James B. Edwards, South Carolina's first Republican governor since Reconstruction and later energy secretary for two years in the Reagan administration, has died. He was 87.

His son-in-law Ken Wingate confirmed that Edwards died Friday.

The oral surgeon served in the state Senate and helped build the modern Republican Party in South Carolina before becoming governor in 1974.

Edwards was limited to one term under state law at the time. After leaving the governor's mansion, he headed to Washington as President Ronald Reagan's energy secretary.

Edwards returned to his home state in 1982 to become president of the Medical University of South Carolina, a position he held for 17 years before retiring.

"Gov. Edwards made an incredible mark on South Carolina history," said GOP state Chairman Matt Moore. "His legacy will live on through the countless lives he touched as governor, dentist and particularly as a man of faith."

Republican Gov. Nikki Haley said she's grateful for the support and encouragement Edwards gave her.

"Michael and I are deeply saddened by the passing of Gov. Edwards, whose love for South Carolina inspired him to serve until his last day," she said.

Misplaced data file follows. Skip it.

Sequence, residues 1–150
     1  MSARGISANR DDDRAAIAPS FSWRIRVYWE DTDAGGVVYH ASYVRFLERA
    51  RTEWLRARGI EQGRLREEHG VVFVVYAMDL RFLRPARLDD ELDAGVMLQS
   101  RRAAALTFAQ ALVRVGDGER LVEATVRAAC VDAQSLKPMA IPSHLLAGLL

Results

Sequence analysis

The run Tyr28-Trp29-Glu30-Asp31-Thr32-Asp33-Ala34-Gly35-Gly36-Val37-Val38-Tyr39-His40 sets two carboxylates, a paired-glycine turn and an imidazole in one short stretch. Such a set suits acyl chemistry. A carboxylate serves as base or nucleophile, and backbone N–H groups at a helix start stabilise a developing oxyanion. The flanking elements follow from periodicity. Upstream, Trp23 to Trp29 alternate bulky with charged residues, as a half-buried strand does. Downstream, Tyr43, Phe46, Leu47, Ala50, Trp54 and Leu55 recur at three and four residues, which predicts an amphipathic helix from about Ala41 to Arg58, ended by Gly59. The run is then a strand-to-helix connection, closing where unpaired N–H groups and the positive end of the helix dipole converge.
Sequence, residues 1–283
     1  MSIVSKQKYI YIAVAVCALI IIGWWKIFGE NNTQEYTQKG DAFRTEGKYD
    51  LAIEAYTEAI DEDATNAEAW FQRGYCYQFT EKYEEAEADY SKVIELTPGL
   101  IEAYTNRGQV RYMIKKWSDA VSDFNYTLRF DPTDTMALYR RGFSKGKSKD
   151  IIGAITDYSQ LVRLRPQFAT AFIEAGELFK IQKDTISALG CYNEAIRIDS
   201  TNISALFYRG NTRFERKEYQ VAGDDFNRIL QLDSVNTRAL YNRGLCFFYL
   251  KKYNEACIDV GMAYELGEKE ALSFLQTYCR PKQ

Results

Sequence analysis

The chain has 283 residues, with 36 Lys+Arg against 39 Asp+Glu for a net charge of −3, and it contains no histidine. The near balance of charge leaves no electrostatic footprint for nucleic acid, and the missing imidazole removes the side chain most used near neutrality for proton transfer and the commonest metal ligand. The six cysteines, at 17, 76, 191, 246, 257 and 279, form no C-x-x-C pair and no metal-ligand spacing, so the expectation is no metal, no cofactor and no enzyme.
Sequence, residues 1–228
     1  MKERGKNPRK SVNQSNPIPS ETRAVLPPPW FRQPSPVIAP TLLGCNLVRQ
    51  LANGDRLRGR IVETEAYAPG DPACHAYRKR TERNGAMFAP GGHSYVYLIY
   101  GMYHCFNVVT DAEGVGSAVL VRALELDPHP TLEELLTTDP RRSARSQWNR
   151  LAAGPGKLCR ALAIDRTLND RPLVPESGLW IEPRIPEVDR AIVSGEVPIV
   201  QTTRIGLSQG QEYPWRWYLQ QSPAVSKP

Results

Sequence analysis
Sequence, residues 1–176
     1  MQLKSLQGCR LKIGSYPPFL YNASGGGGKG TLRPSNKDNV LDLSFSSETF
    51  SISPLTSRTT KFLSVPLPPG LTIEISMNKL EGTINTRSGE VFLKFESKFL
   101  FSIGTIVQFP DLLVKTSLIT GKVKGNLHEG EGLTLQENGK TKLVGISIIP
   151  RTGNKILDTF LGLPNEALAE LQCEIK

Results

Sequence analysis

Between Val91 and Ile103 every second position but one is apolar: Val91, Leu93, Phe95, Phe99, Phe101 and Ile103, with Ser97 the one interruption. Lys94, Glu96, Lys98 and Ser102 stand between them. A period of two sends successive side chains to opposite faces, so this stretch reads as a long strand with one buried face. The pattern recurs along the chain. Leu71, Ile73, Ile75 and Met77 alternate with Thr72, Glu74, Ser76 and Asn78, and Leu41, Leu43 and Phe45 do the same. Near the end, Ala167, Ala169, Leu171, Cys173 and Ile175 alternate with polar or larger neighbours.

Entering the 1974 governor's race, Edwards was not sure of his chances facing well-known retired Gen. William Westmoreland, who commanded U.S. troops in Vietnam, in the GOP primary.

Edwards won the nomination but was still a Republican running in a Democratic state.

That year, however, the Democrats were divided after the state Supreme Court ruled that Democratic front-runner Charles D. "Pug" Ravenel did not meet the residency requirements to run for governor.

Edwards defeated U.S. Rep. Bryan Dorn -- who became the Democratic nominee in a special convention -- by about 17,500 votes.

In a 1999 Associated Press interview, Edwards said the job he most enjoyed was being governor, particularly working on economic development, education and energy issues at a time when people seemed to work together. During his tenure, the Education Finance Act was passed. It remains the basis for how K-12 public education is funded in South Carolina.

"Anything you wanted, you could ask anyone in the state to help you," he recalled. "I put away partisan politics when I got to Columbia. We had the whole Senate and the House, the vast majority working with us."

As Department of Energy secretary, Edwards served two years working on Reagan's plan to close down the agency -- an idea that never made it through Congress.

In 1982, Edwards was recruited to take the MUSC job. He planned to stay only a year or so but he ended up staying 17 years during a time when the university's budget grew from $200 million to $840 million. During his tenure, more than 10,000 health professionals graduated from the university.

"God has blessed me with the ability to pick good people," he said. "I choose good people and then I'm smart enough to stay out of the way and let them do their jobs well."